In Defense of the Wide-Scope Instrumental Principle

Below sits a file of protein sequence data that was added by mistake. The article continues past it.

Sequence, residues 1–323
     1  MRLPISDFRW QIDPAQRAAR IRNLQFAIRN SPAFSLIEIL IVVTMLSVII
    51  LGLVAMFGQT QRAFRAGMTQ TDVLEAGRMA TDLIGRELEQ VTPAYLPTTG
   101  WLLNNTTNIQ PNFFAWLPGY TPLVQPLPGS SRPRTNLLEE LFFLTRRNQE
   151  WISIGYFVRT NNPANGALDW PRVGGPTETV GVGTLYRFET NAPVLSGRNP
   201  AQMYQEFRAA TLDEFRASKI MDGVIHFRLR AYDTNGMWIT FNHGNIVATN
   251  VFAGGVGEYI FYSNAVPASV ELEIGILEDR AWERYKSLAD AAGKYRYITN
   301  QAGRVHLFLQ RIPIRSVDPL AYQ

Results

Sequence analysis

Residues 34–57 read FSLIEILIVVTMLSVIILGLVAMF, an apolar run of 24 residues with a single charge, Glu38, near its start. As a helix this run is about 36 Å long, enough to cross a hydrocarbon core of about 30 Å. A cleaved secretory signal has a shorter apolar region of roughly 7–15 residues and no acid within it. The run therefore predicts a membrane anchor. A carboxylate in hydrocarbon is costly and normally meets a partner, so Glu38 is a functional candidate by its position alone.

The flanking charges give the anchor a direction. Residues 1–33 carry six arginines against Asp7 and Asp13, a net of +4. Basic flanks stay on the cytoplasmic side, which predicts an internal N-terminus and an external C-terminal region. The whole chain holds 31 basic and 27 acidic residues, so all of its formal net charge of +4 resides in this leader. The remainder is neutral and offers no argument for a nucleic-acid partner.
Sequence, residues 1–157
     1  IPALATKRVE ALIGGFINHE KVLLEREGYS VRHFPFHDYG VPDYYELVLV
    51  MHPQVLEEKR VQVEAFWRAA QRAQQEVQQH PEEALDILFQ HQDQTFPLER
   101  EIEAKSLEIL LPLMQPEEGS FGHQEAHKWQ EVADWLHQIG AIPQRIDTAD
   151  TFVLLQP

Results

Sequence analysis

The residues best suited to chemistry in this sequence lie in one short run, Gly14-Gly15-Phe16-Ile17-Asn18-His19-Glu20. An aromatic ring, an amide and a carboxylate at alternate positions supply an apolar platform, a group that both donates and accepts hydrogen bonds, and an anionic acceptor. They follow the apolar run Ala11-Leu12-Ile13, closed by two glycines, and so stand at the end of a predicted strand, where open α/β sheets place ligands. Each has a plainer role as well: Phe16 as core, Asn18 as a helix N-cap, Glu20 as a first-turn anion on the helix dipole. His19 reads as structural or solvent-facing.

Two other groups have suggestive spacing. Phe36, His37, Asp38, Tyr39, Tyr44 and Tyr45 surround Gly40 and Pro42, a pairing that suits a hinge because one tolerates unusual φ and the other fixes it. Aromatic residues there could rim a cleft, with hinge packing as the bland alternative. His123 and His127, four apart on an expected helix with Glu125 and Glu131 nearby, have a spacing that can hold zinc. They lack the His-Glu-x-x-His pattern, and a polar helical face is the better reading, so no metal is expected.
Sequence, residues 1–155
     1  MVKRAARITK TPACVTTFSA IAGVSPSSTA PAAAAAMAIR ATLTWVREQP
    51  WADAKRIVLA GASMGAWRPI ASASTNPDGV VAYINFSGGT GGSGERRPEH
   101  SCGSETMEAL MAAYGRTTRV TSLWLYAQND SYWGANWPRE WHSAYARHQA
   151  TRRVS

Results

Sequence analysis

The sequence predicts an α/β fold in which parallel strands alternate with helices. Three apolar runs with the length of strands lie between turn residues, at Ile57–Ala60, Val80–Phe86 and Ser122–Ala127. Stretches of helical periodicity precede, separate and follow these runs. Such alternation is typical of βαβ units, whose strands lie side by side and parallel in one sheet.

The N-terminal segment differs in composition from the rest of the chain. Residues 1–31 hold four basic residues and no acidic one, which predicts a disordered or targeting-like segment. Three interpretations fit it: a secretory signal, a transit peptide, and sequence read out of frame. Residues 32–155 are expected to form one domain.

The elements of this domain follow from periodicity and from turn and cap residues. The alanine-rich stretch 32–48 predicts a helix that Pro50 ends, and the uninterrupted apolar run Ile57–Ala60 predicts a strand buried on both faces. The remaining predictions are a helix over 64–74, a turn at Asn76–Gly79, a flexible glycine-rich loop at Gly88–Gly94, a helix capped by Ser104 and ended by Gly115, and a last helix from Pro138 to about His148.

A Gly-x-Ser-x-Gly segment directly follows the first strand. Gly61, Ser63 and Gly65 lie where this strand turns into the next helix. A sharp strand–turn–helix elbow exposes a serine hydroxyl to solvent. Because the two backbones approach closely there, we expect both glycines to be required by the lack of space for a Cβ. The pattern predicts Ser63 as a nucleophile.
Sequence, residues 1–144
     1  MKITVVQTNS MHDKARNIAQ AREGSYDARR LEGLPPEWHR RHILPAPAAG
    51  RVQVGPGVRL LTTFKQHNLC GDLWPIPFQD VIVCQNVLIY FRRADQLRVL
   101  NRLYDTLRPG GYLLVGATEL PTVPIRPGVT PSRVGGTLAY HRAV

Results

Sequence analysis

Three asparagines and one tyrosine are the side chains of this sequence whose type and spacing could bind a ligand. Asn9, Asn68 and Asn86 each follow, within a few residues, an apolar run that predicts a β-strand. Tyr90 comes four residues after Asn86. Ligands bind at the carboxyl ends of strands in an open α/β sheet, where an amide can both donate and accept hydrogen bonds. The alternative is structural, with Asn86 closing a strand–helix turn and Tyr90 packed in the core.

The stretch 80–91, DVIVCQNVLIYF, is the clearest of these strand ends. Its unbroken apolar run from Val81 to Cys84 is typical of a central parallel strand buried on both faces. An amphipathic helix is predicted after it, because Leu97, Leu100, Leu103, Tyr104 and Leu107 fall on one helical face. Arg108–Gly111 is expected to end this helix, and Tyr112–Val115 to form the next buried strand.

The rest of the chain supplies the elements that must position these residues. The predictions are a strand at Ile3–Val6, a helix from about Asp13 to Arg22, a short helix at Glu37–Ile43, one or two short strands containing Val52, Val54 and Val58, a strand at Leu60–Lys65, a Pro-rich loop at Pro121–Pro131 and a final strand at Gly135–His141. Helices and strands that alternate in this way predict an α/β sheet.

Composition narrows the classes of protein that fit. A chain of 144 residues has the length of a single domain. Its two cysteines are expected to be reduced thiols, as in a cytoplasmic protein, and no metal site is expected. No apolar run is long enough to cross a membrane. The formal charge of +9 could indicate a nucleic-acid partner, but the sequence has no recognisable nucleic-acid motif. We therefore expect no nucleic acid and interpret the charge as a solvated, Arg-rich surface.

I make the observation that English sentences such as “You have reason to take the bus or to take the train” do not have the logical form that they superficially appear to have. I find in these sentences a conjunctive use of “or,” as found in sentences like “You can have milk or lemon in your tea,” which gives you a permission to have milk, and a permission to have lemon, though no permission to have both. I argue that a confusion of genuine disjunctions with sentences of the above form has motivated the mistaken acceptance by some philosophers of principles like the one I call “Liberal Transmission.” This is the principle that if you have a reason to do something, then you have a reason to do it in each of the possible ways in which it can be done (though not more than one of them). I argue that Liberal Transmission and its close relatives are false. Wide-scope reasons are defined as reasons that have a conditional or other logical connective within the scope of the reason operator. For example, a wide-scope instrumental reason might be: reason(if you have an end, take the means). By refuting Liberal Transmission, I show that you could have wide-scope instrumental reasons like this while nevertheless lacking any narrow-scope reason to take the means, or narrow-scope reason to not have the end. This enables me to respond to two major objections to the wide-scope approach to the instrumental principle that have been developed by Joseph Raz and by Niko Kolodny.